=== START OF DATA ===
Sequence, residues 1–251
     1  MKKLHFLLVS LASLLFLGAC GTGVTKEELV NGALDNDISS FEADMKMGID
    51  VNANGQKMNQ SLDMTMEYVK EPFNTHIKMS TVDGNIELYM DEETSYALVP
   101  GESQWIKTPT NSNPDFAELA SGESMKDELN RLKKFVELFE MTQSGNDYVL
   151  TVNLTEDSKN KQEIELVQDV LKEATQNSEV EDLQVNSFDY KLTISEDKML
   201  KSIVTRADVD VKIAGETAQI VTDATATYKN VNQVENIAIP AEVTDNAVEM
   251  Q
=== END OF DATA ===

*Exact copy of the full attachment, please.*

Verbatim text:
Sequence, residues 1–251
     1  MKKLHFLLVS LASLLFLGAC GTGVTKEELV NGALDNDISS FEADMKMGID
    51  VNANGQKMNQ SLDMTMEYVK EPFNTHIKMS TVDGNIELYM DEETSYALVP
   101  GESQWIKTPT NSNPDFAELA SGESMKDELN RLKKFVELFE MTQSGNDYVL
   151  TVNLTEDSKN KQEIELVQDV LKEATQNSEV EDLQVNSFDY KLTISEDKML
   201  KSIVTRADVD VKIAGETAQI VTDATATYKN VNQVENIAIP AEVTDNAVEM
   251  Q